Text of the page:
By ZEINAB NAJM
HEIGHTS — The Crestwood School District non-homestead millage proposal will be back on the special Nov. 5 general election ballot for voter approval after it failed Aug. 6.
At the polls, the millage proposal was denied by voters 1,216 to 927; a total of 2,388 of 19,285 district voters cast ballots, for a 12.38 percent voter turnout.
The non-homestead millage proposal would have raised $40,000 for the school district.
According to the ballot language the proposal will allow, “the school district to levy the statutory rate of not to exceed 18 mills on all property, except principal residence and other property exempted by law, required for the school district to receive its revenue per pupil foundation allowance.”
During the Aug. 12 board meeting, the resolution to put the millage on the Nov. 5 ballot was approved unanimously with Board President Donna Ancinec absent because of illness.
“The purpose of this election is to seek voter approval for 3 mills assessed against all property except principal residence and other property exempted by law in the Crestwood School District for a period of 16 years,” Crestwood School District Business Manager Brian Aprill said. “If approved the rate portion of the 3 mills will be levied in any given year to the extent needed to continue levying our statutory rate of 18 mills.”
In 2014, the voters passed a millage rate of 18.9038 allowing for a .9038 mill cushion for future Headlee Amendment rollback calculations. Due to the rapid rise in home values since 2014, the cushion has been eliminated as a result of Headlee rollbacks in four of the last six years.
“The current year rollback factor of .9890 has reduced our maximum millage rate to 17.8094, below the 18 mills the state expects each local district to levy to earn their respective full foundation allowance,” a district business report said. “As a result, if not restored, the district will lose approximately $40,000 in the 2019-20 fiscal year.”
According to the Michigan Municipal League website, the Headlee Amendment requires a local unit of government to reduce its millage when annual growth on existing property is greater than the rate of inflation. Also, “as a consequence, the local unit’s millage rate gets rolled back so that the resulting growth in property tax revenue, community-wide, is no more than the rate of inflation.”
During a Crestwood Board Meeting June 10, the business report said the district is authorized to levy 17.8094 mills on non-homestead and non-qualified agricultural property to help support the general fund operations. The board also adopted “the 2.70 mill debt levy to service current year principal and interest debt payments,” according to the business report.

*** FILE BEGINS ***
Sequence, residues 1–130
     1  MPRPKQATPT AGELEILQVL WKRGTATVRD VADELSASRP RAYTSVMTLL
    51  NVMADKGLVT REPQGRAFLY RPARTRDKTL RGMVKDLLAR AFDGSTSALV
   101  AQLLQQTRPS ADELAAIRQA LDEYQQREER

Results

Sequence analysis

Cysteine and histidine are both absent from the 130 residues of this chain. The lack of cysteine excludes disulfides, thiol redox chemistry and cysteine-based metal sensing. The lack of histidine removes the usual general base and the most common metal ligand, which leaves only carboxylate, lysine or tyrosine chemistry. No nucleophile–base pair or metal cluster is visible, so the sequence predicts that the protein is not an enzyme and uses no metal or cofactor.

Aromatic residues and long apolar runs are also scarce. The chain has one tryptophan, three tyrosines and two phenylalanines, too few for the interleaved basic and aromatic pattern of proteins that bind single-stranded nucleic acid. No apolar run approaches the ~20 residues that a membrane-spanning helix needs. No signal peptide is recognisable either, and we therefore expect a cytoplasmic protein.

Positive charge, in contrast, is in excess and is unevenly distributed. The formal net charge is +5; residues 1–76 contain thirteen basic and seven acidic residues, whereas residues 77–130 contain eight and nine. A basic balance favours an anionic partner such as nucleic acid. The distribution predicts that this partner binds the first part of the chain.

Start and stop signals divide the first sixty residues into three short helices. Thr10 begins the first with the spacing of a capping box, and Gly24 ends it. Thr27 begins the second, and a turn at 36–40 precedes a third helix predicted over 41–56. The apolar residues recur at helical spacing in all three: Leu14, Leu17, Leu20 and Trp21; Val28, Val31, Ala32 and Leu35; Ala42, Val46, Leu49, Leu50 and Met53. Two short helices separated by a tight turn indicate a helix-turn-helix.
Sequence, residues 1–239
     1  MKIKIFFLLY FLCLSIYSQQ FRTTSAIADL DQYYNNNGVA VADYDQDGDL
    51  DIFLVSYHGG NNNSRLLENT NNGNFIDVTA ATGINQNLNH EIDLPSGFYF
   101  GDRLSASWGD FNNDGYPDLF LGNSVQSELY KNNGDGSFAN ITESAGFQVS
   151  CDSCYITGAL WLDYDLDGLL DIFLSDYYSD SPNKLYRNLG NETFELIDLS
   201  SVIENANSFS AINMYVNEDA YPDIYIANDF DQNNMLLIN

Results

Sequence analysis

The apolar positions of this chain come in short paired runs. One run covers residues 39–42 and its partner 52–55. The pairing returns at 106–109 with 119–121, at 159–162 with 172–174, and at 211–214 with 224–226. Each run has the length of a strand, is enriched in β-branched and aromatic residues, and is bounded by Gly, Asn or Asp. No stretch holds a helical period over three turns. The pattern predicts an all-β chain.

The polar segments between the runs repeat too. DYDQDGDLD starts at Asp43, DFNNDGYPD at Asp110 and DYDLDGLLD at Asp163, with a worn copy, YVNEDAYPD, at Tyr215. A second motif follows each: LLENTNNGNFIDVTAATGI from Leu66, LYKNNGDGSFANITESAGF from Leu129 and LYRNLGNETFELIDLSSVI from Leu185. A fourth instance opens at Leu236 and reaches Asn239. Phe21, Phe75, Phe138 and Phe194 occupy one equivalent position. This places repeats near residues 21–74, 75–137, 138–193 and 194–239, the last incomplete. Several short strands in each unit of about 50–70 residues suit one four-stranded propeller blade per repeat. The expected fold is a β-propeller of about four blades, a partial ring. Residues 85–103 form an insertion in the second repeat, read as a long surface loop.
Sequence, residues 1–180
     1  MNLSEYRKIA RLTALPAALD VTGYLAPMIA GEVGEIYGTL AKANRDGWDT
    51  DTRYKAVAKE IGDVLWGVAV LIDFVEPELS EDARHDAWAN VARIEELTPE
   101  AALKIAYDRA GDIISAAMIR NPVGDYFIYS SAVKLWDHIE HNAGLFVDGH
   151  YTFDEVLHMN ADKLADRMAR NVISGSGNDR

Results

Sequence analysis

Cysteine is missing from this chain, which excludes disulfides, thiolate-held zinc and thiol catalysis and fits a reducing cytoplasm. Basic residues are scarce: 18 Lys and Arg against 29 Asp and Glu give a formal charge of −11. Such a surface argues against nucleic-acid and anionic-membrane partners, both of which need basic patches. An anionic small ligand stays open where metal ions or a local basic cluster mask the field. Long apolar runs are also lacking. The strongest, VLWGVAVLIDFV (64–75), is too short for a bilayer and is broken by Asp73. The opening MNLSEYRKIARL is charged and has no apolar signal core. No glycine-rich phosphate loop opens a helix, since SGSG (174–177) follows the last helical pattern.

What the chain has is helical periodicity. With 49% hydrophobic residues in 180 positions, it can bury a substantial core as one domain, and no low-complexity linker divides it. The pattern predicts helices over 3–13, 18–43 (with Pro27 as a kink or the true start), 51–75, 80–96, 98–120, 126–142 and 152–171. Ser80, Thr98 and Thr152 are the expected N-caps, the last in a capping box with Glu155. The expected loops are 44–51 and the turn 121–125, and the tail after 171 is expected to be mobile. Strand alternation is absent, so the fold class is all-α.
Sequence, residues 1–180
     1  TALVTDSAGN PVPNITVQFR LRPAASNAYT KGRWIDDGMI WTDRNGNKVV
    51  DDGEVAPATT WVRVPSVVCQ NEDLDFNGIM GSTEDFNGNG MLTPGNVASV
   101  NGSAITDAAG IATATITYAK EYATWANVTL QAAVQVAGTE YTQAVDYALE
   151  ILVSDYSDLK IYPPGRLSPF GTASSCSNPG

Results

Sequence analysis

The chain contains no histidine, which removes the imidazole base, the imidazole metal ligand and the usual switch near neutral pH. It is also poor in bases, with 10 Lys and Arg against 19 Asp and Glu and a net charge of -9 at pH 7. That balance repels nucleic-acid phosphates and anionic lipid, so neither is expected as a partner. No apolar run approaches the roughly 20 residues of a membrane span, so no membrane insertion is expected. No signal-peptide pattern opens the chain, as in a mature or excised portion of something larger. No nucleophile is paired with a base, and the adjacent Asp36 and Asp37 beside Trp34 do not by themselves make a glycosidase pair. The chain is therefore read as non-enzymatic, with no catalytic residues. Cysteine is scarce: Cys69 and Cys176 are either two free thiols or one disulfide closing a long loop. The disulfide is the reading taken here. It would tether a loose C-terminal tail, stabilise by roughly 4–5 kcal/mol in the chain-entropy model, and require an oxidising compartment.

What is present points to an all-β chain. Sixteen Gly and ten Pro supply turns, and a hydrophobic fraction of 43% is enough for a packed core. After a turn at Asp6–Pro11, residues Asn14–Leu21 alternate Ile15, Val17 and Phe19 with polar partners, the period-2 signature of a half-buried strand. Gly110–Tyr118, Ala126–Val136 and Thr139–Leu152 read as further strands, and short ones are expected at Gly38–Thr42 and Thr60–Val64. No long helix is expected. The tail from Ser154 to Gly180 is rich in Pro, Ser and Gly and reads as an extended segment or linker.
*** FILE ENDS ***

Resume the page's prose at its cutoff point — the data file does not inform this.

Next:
“The state School Aid Act assumes each district will levy the statutory rate of 18 mills to generate their portion of foundation levels,” Aprill said. “If a district does not levy the full 18 mills, this lost revenue is not made up for by the state. In our case, the 0.1906 mills reduction reduces our annual revenue by approximately $40,000. Each year thereafter, in addition to the $40,000 loss the 17.8094 mills will be further subjected to potential revenue reductions.”
Aprill added that Crestwood receives about $900 per student or $3.8 million annually from the full 18 mill non-homestead millage and that accounts for approximately 8 percent of the district’s operating revenue.
Board Secretary Lynne Senia said she was disappointed the millage didn’t pass. She also apologized to the school community because the district was going through transitional things including contract negations and the superintendent retiring.
The board focus moving forward will be to explain that the millage proposal isn’t an increase in taxes because Senia felt the news didn’t get out there for voters to know.
Senia mentioned that the district will be forming committees of community members who will go out and sell the millage proposal to the rest of the community because it is something really needed as a district for its students.
Board Trustee Sue Kaminsky said since the election she reached out to the city council, the current state senator and previous state senator.
Anyone interested to join a committee or become involved to get the word out about the non-homestead millage can call the district’s central office at 313-278-0903.
(Zeinab Najm can be reached at [email protected])